Not much to add except I have tried to fire copper and steel incorporated into raw ceramic bodies and got the above mentioned poor results. You can get some interesting things to work at very low fire temperatures maybe cone 016- 08 but the metals will still oxidize and flake pretty bad.

 

I often wonder whether you could pull this off  firing in an inert atmosphere. I have a small test kiln I might be able to seal up enough (once the water gasses out of the clay) to waste a bottle of MIG gas and try firing to cone 05. with a glazed vessel.



#10 Tyler Miller

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Posted 12 May 2014 - 03:17 PM

Bob,

 

this may be of great interest to you, then: "Adventures in Argon Injection" for heat treating blades in kilns http://www.bladesmit...320#entry281533

 

Just recently cropped up on the Bladesmith's forums. :)



#11 Bob Coyle

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Posted 12 May 2014 - 03:54 PM

Sounds like what I am looking for Tyler. I wonder how much gas you might use in a 6 hour run verses then short time it take to heat treat the blade? He talked about 2 Cu ft/hr. for .22 cu ft. Mine is about .4 so that's about  4 cu ft/hr. 24 cu ft total. Should be doable with a small bottle.

 

Might also work as reduction is you added some charcoal to your glazes???



#12 Tyler Miller

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Posted 12 May 2014 - 07:58 PM

I think a little charcoal wouldn't be a bad idea.  Especially if the atmosphere was already approaching neutral.  Wouldn't be a bad experiment to try.  Argon's where I tap out, though, those guys are mad scientists in comparison to what I do.



#13 Bob Coyle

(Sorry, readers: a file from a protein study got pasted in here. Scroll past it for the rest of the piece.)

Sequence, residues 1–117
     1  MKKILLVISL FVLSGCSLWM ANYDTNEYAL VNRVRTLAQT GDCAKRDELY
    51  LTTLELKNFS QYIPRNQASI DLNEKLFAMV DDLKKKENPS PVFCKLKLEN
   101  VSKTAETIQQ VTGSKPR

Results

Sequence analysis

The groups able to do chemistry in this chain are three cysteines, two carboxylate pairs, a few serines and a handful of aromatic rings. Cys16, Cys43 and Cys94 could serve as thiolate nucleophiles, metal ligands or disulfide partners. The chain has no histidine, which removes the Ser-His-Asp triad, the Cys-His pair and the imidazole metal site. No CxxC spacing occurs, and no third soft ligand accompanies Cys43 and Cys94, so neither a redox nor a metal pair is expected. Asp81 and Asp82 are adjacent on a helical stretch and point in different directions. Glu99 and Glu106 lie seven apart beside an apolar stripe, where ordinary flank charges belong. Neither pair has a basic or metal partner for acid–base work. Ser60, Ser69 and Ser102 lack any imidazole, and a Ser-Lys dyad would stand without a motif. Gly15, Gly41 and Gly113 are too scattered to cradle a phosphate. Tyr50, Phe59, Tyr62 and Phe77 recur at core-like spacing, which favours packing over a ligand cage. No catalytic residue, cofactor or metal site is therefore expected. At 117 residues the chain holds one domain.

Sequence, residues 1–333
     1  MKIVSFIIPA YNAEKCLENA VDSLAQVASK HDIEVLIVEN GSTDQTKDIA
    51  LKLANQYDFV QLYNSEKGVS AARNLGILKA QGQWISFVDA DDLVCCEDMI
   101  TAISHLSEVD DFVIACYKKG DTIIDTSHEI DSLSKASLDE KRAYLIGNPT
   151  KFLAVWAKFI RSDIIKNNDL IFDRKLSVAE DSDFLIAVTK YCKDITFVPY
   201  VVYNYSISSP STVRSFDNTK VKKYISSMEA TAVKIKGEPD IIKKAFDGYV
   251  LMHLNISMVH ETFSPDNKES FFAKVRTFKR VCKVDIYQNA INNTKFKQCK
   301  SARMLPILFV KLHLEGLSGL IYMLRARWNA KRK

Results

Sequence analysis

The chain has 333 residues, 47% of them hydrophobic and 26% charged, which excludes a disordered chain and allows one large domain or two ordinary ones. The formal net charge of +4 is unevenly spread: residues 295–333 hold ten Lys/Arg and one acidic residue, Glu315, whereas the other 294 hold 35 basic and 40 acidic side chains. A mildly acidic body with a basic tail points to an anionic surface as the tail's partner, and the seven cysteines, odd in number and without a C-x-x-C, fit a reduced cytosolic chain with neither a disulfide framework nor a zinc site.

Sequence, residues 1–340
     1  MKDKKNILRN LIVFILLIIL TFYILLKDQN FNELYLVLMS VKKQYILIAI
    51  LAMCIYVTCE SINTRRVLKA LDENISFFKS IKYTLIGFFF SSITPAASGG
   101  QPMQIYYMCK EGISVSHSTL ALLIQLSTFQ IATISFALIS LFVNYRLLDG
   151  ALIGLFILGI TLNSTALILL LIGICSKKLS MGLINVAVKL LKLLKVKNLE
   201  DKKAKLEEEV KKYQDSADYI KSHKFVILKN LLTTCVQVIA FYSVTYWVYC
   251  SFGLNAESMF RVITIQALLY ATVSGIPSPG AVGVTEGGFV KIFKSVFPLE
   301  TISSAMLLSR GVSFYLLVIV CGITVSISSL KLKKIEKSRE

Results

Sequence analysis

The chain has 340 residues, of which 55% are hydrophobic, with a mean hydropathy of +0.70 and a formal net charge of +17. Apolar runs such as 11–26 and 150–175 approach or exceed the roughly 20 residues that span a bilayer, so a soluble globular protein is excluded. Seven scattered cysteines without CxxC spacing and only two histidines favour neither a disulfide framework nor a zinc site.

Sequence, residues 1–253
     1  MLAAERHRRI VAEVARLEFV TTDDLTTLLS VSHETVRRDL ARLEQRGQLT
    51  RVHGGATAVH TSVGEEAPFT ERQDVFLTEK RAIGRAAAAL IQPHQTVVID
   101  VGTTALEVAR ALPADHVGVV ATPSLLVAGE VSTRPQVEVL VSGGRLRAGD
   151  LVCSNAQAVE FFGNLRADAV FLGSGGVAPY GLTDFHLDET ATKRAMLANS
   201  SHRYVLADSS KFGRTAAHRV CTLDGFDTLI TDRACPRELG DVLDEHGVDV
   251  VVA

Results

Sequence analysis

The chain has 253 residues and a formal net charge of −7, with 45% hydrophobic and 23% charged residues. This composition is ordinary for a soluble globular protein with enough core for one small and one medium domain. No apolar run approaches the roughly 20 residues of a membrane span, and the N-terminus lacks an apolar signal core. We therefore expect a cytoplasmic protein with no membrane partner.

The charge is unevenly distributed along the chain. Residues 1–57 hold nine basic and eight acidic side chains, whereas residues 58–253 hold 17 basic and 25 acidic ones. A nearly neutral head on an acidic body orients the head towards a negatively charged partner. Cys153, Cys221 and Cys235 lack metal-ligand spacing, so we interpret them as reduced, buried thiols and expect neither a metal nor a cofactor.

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Posted 12 May 2014 - 08:49 PM

 

those guys are mad scientists in comparison to what I do.

I'm with you there Tyler, Even though I am a chemist. Both ceramics and metallurgy are proprietary knowledge that takes years of hands on to really learn. I will try this method down the line though and I would love to brag that I had discovered a way to get a perfect copper red in an electric kiln... dream on. :rolleyes:



#14 Benzine

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Posted 12 May 2014 - 08:50 PM

I think a little charcoal wouldn't be a bad idea.  Especially if the atmosphere was already approaching neutral.  Wouldn't be a bad experiment to try.  Argon's where I tap out, though, those guys are mad scientists in comparison to what I do.


Funny you should say that Tyler, because I was about to call both of you either "Mad Scientists" or "Alchemists"....I would say "Sorcerer", but I keep that classification for John.
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#15 Bob Coyle

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Posted 12 May 2014 - 09:17 PM

You are right benzine... compared to John (and many other on this forum) we are both just sorcerer's apprentices.